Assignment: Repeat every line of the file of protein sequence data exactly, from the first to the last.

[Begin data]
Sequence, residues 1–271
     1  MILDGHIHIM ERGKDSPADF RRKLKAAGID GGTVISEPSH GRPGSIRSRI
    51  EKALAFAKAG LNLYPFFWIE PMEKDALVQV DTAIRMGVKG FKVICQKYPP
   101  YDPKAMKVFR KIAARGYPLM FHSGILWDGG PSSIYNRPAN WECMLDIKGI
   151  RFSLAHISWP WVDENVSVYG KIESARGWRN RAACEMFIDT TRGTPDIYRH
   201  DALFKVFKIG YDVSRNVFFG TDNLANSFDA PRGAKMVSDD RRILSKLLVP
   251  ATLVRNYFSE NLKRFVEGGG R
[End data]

Sequence, residues 1–271
     1  MILDGHIHIM ERGKDSPADF RRKLKAAGID GGTVISEPSH GRPGSIRSRI
    51  EKALAFAKAG LNLYPFFWIE PMEKDALVQV DTAIRMGVKG FKVICQKYPP
   101  YDPKAMKVFR KIAARGYPLM FHSGILWDGG PSSIYNRPAN WECMLDIKGI
   151  RFSLAHISWP WVDENVSVYG KIESARGWRN RAACEMFIDT TRGTPDIYRH
   201  DALFKVFKIG YDVSRNVFFG TDNLANSFDA PRGAKMVSDD RRILSKLLVP
   251  ATLVRNYFSE NLKRFVEGGG R